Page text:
The GoA does not have a policy that requires private companies to establish internal codes of conduct that prohibit bribery of public officials. The use of internal controls against bribery of government officials varies by company, with some upholding those standards and others rumoured to offer bribes. The GoA is not a participant in regional anti-corruption initiatives. While Algeria does not provide protections to Non-Governmental Organizations involved in investigating corruption, there are whistleblower protections for Algerian citizens who report corruption.

In 2016, the National Organization for the Prevention and Fight against Corruption’s missions were amended, and it is now responsible for initiating a global policy for the prevention of corruption, enshrining the principles of the rule of law and reflecting integrity, transparency and accountability in the management of public property and funds.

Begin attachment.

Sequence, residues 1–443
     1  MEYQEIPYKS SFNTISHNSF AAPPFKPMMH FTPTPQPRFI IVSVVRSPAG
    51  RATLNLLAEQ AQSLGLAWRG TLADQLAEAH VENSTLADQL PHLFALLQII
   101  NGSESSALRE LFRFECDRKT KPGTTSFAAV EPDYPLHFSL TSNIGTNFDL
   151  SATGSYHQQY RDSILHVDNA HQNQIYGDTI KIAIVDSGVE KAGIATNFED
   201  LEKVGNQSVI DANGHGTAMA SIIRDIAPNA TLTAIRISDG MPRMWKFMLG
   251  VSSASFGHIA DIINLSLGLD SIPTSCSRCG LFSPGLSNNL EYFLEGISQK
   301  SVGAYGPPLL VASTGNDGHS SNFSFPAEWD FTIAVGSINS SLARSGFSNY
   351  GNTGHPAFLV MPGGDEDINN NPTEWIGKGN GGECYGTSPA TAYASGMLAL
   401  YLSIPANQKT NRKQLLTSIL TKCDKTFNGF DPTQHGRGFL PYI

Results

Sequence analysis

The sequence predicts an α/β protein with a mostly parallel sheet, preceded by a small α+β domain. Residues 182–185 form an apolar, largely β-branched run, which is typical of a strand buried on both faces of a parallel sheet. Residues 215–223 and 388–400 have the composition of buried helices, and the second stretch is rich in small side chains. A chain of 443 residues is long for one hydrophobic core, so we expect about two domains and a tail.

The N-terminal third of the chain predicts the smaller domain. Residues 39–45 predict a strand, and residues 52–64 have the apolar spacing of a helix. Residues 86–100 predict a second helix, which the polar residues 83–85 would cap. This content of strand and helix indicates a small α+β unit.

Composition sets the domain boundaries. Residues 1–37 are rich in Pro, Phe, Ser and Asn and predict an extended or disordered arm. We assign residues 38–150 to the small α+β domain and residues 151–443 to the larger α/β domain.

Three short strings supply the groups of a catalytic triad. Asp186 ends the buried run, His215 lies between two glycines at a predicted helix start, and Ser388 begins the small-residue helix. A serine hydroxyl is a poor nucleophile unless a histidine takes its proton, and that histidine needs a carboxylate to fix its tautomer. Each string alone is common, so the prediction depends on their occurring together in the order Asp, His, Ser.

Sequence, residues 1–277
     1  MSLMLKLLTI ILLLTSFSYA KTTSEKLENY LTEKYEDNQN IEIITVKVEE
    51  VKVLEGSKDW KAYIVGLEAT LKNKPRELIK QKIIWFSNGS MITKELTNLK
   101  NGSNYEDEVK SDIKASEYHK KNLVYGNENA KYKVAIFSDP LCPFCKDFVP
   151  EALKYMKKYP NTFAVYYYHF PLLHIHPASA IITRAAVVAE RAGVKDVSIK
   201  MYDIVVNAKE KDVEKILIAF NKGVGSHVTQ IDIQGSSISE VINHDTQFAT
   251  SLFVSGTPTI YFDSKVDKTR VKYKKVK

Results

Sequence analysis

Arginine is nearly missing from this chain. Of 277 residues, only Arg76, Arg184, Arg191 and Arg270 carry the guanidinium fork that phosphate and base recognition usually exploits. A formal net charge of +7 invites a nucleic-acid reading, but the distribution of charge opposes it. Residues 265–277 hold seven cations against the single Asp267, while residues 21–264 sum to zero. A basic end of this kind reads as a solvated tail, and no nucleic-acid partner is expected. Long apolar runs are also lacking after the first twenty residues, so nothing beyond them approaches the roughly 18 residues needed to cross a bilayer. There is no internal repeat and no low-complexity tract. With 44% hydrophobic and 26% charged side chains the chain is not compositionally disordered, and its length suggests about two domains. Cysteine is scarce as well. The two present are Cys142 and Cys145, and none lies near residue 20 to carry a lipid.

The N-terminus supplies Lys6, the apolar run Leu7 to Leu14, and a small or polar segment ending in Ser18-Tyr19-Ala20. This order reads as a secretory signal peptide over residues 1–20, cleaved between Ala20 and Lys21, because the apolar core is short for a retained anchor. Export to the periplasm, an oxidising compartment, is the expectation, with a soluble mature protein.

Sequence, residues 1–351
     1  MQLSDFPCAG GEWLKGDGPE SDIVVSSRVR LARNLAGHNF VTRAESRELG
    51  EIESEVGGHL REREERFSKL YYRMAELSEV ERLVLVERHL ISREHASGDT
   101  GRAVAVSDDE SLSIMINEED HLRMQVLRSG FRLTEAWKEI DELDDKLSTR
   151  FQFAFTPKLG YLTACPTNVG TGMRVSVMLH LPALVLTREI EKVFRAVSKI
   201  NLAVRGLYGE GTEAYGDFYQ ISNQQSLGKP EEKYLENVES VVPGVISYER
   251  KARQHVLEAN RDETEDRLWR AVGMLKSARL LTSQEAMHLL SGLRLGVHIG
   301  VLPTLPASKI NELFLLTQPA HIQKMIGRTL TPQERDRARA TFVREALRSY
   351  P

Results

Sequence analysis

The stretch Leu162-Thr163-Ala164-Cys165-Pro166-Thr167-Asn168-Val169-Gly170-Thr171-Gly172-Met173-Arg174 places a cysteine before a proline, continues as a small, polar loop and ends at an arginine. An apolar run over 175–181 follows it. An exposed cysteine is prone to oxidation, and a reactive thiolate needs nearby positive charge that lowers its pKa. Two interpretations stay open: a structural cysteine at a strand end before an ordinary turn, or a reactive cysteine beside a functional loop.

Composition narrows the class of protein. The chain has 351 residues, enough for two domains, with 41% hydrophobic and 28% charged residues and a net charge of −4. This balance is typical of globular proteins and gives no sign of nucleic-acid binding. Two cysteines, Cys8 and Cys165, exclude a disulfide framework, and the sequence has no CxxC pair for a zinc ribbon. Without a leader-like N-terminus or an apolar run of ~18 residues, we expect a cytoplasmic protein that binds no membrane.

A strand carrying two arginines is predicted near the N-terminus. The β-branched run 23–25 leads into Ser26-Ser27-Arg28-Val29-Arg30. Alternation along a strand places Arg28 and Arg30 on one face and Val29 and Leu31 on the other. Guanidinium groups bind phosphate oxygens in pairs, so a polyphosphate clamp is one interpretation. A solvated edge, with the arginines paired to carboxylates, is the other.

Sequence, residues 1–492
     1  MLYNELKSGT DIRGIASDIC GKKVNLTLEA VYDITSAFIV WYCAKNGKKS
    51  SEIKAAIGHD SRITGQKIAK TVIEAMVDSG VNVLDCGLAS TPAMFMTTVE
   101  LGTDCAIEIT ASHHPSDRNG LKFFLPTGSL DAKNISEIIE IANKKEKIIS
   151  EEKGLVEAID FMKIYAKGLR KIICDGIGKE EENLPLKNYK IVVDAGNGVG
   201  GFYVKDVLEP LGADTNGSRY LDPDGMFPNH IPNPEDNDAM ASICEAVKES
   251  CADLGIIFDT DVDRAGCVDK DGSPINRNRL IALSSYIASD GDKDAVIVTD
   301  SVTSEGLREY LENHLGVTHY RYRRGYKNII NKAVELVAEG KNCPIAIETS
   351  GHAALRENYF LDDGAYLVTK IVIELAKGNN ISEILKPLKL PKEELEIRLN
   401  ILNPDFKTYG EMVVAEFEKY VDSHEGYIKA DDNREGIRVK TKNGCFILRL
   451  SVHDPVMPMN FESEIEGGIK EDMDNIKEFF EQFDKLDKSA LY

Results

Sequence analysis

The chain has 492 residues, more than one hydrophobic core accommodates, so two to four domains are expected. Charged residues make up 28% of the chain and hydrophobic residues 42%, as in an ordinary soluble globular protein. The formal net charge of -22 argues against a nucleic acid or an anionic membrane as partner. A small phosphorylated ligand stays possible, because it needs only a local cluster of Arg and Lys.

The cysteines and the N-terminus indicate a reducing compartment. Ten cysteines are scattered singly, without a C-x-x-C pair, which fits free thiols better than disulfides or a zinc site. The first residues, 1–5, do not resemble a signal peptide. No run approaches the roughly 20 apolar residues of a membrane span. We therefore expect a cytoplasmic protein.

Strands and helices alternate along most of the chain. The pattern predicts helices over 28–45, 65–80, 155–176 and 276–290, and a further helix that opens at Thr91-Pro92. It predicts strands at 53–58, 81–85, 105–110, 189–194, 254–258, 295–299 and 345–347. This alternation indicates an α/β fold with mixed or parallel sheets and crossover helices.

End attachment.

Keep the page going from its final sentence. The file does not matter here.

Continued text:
In this context, the newly published law of May 5th of 2022 establishes the organization of the High Authority for Transparency, Prevention and the Fight against corruption. The authority is responsible for developing and enabling the implementation of a national strategy for transparency and anti-corruption. The High Authority is also responsible for administrative and financial investigations into signs of illicit enrichment by public officials who cannot justify the substantial increase in their assets. Professional or banking secrecy is not enforceable vis a vis to the authority.

Along the same lines, the GoA has submitted a draft law amending the public procurement code to add more transparency, establish competition and an effective fight against corruption in public procurement.


The bureaucratic nature of Algeria's economic and legal system, as well as its slow decision making process, means that disputes can drag on for years before a resolution is reached. Litigation in the court system is slow and may be subject to political considerations.